The Myths About Study Habits

New research dispels some of the more popular myths about effective study habits.


New Teacher Blogs

Just a heads-up: We're excited to kick off the new school year off with two new teacher blogs on our site: In Coach G's Teaching Tips, instructional coach David Ginsburg offers sage advice on classroom practice, with a strong focus on classroom management. In Leading From the Classroom, Patrick Ledesma—a special educator, technology specialist, and classroom fellow with the U.S. Department of Education's Teacher Ambassador program—explores issues surrounding instruction and education policy. Check them out when you get a chance. You'll find some things you can use in your own classroom, as well as a lot to think...


What New Teachers Need This Time of Year

Frustrated young teachers wonder why they didn't get more help from colleagues.


Phone Home

NYC Educator reprints his time-honored advice to new teachers on classroom management: The best trick, and it's not much of a trick at all, is frequent home contact. It's true that not all parents will be helpful, but I've found most of them to be. When kids know reports of their classroom behavior will reach their homes, they tend to save the acting out for your lazier colleagues--the ones who find it too inconvenient to call. You are not being "mean" or petty--you're doing your job, and probably helping the kid. If you want to really make a point, make ...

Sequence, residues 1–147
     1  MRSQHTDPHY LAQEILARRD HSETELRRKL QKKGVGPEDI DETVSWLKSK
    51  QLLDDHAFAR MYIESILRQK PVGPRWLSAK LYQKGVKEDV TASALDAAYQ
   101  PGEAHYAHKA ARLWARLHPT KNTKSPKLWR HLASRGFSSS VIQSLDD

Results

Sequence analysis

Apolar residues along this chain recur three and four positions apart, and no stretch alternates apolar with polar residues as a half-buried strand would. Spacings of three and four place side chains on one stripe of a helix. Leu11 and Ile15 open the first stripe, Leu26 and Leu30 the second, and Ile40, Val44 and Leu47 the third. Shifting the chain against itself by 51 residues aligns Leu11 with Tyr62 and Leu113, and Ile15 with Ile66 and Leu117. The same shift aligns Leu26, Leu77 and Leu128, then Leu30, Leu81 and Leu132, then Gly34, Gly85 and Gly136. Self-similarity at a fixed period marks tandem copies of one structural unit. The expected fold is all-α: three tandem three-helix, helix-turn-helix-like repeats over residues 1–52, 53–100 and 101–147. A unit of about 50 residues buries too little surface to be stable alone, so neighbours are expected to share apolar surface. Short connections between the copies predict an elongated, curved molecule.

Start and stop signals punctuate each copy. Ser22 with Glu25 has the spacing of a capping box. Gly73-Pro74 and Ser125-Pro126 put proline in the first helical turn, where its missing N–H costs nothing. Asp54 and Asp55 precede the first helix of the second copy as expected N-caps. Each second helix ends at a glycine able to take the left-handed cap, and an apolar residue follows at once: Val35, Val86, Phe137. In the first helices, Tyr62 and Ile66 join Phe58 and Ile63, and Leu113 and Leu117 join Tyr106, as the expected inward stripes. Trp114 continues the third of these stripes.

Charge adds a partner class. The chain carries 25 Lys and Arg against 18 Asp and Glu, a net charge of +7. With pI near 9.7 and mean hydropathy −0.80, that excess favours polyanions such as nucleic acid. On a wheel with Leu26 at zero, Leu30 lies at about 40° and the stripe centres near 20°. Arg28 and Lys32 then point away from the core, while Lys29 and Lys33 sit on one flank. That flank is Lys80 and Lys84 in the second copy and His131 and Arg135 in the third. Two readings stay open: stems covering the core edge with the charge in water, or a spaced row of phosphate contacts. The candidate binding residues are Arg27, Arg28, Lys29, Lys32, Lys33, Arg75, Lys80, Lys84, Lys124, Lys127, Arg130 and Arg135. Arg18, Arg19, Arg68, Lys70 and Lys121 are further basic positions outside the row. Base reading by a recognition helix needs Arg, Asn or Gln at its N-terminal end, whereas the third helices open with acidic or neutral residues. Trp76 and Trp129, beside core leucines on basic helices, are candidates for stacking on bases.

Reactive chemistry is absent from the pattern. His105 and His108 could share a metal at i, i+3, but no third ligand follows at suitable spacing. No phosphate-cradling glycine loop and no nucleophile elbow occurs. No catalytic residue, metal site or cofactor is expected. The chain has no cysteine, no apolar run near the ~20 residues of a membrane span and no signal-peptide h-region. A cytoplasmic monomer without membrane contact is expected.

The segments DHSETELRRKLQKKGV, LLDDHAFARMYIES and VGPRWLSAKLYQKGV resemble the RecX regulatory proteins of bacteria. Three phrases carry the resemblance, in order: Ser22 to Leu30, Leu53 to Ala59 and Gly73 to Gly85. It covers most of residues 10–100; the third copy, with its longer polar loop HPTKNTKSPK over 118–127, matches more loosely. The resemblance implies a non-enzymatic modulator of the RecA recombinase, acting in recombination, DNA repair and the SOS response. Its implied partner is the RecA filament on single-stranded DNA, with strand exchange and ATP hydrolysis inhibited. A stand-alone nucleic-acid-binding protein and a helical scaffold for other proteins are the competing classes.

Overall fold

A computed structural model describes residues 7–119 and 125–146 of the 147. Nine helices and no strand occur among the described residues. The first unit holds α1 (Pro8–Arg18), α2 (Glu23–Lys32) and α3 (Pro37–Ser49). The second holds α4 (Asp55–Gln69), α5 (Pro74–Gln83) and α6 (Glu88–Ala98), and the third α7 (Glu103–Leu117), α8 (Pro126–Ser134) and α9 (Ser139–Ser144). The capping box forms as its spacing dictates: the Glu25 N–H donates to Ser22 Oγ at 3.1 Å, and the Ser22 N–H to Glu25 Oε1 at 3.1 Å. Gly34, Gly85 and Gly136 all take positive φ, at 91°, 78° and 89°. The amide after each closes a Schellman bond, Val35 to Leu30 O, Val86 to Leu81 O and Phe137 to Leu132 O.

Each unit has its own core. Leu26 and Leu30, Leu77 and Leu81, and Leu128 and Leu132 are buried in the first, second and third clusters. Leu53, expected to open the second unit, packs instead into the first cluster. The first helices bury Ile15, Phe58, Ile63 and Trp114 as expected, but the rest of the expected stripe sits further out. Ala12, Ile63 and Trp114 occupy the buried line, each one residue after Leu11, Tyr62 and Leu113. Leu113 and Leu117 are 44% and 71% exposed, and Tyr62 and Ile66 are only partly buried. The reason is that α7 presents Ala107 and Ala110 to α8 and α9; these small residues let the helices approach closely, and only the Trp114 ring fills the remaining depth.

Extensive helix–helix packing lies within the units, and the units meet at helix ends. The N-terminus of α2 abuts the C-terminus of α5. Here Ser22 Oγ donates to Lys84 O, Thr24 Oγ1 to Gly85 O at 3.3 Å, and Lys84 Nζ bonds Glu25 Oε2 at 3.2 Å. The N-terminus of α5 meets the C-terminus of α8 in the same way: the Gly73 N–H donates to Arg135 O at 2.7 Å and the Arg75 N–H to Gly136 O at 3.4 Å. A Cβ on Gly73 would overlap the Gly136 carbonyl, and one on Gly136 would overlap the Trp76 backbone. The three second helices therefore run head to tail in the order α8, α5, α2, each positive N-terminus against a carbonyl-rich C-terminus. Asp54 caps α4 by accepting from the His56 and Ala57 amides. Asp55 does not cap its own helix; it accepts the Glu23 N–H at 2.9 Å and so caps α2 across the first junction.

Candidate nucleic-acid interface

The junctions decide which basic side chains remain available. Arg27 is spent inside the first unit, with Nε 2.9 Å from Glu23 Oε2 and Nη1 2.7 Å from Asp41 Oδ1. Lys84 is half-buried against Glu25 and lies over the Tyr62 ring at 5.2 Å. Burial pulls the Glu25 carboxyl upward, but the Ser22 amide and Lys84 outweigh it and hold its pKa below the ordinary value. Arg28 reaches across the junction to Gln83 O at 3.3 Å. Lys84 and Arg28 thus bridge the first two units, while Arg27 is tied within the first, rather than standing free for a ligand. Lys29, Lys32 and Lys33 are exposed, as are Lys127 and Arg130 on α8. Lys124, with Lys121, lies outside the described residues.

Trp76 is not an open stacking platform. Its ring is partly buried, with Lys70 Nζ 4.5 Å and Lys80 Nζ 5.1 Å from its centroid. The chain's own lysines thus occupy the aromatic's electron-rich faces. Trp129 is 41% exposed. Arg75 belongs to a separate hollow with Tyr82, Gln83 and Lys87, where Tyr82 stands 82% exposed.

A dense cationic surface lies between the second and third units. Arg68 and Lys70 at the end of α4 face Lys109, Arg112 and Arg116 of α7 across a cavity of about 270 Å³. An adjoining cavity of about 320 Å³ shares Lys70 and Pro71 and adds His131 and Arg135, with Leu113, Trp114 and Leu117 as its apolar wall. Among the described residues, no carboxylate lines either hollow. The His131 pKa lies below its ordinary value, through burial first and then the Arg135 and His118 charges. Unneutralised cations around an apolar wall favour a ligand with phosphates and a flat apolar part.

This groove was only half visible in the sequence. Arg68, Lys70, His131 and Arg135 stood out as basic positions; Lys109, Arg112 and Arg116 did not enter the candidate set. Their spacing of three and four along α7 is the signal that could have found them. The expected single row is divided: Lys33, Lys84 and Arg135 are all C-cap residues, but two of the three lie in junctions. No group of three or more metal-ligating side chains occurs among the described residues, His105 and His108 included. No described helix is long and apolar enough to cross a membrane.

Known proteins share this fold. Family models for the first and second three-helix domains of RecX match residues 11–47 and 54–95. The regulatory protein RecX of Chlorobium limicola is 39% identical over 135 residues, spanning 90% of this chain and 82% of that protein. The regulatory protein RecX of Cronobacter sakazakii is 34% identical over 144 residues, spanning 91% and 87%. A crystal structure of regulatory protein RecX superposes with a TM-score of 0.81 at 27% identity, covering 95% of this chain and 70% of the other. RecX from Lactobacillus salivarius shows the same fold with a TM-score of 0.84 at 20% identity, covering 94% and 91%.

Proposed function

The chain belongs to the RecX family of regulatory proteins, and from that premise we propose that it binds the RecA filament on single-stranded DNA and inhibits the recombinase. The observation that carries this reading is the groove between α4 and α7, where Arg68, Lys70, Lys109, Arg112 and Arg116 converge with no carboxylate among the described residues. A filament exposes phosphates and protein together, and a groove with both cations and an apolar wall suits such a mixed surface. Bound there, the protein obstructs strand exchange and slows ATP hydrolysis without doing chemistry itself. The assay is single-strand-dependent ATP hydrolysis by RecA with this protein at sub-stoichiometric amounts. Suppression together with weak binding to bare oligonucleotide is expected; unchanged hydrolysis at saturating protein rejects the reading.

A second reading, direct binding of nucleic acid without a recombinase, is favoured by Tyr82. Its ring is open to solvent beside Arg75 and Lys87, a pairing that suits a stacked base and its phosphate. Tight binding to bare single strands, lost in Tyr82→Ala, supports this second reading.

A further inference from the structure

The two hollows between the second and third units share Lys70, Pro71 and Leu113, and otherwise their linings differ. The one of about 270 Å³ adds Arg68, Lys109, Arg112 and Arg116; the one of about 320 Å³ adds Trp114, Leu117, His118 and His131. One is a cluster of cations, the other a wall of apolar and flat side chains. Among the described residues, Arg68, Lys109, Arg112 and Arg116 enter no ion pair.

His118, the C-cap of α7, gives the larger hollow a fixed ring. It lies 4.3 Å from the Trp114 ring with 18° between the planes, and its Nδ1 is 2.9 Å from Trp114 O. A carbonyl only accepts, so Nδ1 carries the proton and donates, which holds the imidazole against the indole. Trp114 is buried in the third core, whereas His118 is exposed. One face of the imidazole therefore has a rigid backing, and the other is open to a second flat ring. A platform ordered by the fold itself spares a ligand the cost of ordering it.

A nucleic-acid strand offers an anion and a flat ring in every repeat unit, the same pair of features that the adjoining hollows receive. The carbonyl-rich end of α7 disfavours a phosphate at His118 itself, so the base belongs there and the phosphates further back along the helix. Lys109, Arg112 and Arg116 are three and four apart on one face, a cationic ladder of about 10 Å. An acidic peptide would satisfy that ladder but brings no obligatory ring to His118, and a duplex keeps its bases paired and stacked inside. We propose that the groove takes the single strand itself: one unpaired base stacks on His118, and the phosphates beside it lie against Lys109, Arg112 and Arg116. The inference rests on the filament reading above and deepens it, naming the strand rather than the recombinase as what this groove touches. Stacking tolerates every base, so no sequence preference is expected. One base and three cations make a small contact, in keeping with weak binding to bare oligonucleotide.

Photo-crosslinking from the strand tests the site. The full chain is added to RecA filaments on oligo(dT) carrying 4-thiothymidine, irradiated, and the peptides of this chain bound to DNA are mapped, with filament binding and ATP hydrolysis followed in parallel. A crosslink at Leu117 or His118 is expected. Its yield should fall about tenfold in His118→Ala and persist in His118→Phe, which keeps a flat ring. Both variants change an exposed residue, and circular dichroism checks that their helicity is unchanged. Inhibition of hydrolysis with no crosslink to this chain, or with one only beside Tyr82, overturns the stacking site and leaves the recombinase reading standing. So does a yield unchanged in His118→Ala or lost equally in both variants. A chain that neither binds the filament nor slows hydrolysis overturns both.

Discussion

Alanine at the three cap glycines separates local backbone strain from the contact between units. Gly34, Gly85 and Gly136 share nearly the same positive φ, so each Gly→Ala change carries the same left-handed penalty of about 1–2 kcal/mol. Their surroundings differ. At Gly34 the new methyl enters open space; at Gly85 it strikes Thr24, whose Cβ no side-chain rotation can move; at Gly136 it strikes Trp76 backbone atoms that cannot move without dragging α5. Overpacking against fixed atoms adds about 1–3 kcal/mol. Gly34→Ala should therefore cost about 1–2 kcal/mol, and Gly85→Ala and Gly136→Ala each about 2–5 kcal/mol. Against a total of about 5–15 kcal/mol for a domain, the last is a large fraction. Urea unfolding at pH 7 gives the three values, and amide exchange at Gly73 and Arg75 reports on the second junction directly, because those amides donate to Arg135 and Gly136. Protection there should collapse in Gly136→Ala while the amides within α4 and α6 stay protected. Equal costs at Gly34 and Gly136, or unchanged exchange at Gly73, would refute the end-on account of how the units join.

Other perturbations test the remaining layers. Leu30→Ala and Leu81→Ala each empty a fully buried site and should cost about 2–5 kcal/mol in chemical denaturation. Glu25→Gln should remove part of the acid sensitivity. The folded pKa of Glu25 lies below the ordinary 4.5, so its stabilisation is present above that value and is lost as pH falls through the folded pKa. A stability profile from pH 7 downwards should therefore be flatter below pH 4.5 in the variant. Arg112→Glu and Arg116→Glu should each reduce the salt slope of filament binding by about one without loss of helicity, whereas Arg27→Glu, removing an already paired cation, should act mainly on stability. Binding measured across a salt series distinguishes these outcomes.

What Teachers Need From Administrators

Just a heads up: Scott McLeod of Dangerously Irrelevant is hosting a series this week on the question of, "What Do Teachers Need From Administrators." From the first entry, by Brian Crosby: Give us, and advocate for us, more time to plan. Effective teaching requires, more than ever, effective planning. I would love to have as much as 2 weeks (not including a day or two to set up my classroom) at the beginning of the school year. Time to plan as a staff, unit (for example - upper elementary grades), grade level and self. I know this costs money ... ...


The Unmotivated

Columnist Robert J. Samuelson looks at the anemic results of school reform over the past 50 year and pins the blame on an "almost unmentionable" factor: lack of student motivation.


Tell Me a Story

Dan Brown says that the best teaching books are driven by personal stories as opposed to abstract theories and generic technical illustrations:


Other Ways to Evaluate Teachers

Anthony Cody and Kelly Kovocic argue that efforts to evaluate teachers solely—or even mainly—on the basis of standardized test results are ultimately counter-productive.


Schools Without Administrators, Ctd.

Teacher-led schools are cropping up at various points around the country.


Can Someone Fix the A/C?

So I've been been scanning through some teacher blogs to see if there might be any common back-to-school themes. One thing that jumps out: There are a lot of air-conditioning problems in classrooms out there. Poor Epiphany in Baltimore, whose (low-income) school apparently doesn't even have A/C, is really struggling: It hit 93 in my classroom today, and that, coupled with the humidity and a room chock full of kids, just doesn't make for a good learning environment. I do my best, but it's hard not think it's pretty inhumane not to offer a/c in every school when ...